Where There’s Milling,
the Future Is Formed

 


 The high-speed milling machines have five axes. The workpiece is stationary. Only the tip whirls about.


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Opening of the new center: the Monza concept vehicle displayed at the IAA by design experts was set inside the new high-speed milling system.

 

From left to right. Stopping. Back to the starting position. Zigzagging to the top left and then everything over again, the hard metal tip romps just like a puppy. Brown hard plastic shavings fly through the air. A quiet whirring can be heard. The choreographer of the daring movements behind the glass screen is Stefanie Duinker. The 23-year-old CNC operator programmed the high-tech milling machine that’s handling the workpiece. With every new movement, the data relating to the axis radii change on the control unit’s display screen. The milling-machine operator strips away material one movement at a time. Slowly you can make out the chosen characteristic lines and perfect curves on the clamped workpiece.

FETCHINGLY DEVELOPED, SUBTLY IMPLEMENTED
“The roofline is particularly nifty, featuring at first the semi-circle shape typical of a classic coupé. Then just before the hatch it rises slightly,” Stefanie Duinker explains, as the tip of the milling machine begins to handle the workpiece from above. Duinker is one of 22 employees at the center for high-speed milling at the Rüsselsheim plant. The design models and concept vehicles will be formed in future in this center. It was officially opened on May 7. The red ribbon was ceremoniously cut by GM Director of Global Design Operations Mark E. Leavy, GM Executive Vice President & President Europe Dr. Karl-Thomas Neumann, Vice President of Design Mark Adams, Design Operations Director Richard Bolz, as well as Head of Opel Works Council Wolfgang Schäfer-Klug.

 

 


The rotary cutting tool strikes the clamped workpiece: moving up to 60 meters per minute, the hard metal tip of the milling machine works on the model – here that of a Monza concept.

 

←  22 employees work at the new milling center. Kristina Schell operates the mini mill, a milling machine for metal.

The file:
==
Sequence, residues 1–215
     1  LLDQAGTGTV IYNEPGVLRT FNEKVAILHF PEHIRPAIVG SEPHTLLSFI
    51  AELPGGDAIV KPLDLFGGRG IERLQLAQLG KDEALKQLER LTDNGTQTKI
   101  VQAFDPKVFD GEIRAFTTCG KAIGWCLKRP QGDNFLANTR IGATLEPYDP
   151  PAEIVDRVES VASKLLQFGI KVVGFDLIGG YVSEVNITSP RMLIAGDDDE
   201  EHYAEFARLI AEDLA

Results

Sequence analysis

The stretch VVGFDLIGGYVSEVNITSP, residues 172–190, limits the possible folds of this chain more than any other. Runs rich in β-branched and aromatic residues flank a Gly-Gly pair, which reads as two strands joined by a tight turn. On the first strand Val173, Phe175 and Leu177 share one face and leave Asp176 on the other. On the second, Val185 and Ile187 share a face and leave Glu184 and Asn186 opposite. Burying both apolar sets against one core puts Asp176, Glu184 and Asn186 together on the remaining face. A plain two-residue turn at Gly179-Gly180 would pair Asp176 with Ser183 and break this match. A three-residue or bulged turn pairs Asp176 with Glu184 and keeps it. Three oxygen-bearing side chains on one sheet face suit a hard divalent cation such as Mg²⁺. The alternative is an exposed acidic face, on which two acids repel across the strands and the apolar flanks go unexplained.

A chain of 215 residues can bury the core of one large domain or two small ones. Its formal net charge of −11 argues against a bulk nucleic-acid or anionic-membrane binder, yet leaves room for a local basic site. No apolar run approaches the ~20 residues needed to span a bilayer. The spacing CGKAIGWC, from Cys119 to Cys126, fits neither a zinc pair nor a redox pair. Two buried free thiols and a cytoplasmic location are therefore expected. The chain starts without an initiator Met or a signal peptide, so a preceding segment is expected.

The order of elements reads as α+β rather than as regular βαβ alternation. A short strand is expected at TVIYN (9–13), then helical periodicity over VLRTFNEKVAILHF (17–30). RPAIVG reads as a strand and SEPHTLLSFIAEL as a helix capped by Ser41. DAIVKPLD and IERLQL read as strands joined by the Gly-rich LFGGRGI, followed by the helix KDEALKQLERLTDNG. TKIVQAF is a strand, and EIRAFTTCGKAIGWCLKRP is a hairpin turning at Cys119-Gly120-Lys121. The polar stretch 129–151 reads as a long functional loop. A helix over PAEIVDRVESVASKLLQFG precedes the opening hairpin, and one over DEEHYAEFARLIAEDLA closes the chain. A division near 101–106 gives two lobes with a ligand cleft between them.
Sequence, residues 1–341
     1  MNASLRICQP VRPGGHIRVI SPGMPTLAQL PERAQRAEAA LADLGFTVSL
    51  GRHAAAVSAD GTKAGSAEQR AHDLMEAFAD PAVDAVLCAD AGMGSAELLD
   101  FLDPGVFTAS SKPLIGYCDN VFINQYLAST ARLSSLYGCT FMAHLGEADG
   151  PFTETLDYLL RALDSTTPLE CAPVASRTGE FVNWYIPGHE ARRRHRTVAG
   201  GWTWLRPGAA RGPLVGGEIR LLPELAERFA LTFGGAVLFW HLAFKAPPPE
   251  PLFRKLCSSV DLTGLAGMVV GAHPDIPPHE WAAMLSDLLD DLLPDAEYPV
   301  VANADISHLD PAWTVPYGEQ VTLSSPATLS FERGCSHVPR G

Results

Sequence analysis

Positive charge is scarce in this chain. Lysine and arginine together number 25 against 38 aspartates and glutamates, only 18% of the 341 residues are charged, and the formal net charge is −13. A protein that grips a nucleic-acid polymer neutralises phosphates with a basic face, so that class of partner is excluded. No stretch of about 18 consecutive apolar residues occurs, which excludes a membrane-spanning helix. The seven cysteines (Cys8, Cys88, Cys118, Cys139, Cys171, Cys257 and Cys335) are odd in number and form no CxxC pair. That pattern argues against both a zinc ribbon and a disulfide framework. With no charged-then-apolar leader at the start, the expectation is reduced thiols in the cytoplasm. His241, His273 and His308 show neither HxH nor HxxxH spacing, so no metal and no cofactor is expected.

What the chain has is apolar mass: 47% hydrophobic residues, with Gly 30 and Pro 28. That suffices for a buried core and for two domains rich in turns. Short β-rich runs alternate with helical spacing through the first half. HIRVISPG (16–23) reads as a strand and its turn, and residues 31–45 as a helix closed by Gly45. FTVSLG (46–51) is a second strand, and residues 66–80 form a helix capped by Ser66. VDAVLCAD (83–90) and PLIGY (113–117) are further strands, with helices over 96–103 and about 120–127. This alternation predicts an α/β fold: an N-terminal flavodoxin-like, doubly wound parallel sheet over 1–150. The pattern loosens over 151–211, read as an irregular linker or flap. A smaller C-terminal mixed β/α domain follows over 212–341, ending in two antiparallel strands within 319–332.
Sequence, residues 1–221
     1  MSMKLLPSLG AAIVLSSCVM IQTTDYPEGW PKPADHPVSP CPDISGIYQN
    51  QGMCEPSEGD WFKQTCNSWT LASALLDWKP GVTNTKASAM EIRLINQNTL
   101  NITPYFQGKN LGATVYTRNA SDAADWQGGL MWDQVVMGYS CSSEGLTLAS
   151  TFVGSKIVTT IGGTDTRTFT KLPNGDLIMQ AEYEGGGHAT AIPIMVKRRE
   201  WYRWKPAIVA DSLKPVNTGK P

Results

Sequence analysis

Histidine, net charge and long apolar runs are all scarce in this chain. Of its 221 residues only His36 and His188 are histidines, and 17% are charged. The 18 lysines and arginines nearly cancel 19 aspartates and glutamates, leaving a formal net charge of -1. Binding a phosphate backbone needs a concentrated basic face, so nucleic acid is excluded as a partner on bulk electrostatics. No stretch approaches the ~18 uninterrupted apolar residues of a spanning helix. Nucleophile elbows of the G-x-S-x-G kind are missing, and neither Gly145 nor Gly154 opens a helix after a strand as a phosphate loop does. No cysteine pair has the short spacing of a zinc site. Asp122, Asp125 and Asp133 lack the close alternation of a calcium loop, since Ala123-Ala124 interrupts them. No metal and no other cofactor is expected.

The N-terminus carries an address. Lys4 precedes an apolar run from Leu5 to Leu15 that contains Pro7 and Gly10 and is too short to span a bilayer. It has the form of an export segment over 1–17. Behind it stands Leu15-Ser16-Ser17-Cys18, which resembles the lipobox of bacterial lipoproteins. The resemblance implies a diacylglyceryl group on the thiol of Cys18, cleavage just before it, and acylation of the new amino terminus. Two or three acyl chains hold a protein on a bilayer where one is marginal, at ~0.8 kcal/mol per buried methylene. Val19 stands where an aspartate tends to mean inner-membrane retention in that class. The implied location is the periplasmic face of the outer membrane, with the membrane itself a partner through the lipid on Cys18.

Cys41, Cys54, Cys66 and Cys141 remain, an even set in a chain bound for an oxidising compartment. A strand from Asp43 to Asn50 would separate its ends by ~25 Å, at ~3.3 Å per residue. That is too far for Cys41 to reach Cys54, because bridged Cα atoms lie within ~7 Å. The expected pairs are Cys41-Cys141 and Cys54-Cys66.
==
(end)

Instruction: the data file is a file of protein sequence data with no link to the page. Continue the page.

The CNC milling-machine operator Gerald Nothnagel has been working at Opel since 1993, and recently in the new center for high-speed milling machines.

 

 

 

 

 


Once where light metals were cast, high-quality design models are now milled.


 

FIVE MILLION EUROS INVESTED
Six high-tech milling machines are combined in the new center – from a giant full-size milling machine, in which future 1:1 vehicles are milled from hard plastic, to the mini mill, in which Opel brand emblems, for instance, are produced from metal. “Outstanding design is part of Opel’s brand essence. For things to stay that way, we invest in cutting-edge technology,” GM Executive Vice President & President Europe Neumann explains the project. Owing to the investment of five million euros, the creative geniuses can implement their ideas more quickly, precisely and dedicatedly.

EVIDENCE FOR A RETURN TO SUCCESS
It’s clear that Head of Design Mark Adams is satisfied: “The high-tech tools help us to optimize the entire development process from the first idea right through to the finished concept vehicle. They create design models defined by high quality, precision and efficiency.” Head of Opel Works Council Wolfgang Schäfer-Klug adds: “The new center ensures on-site employment. The investment is further evidence of Opel’s return to success.”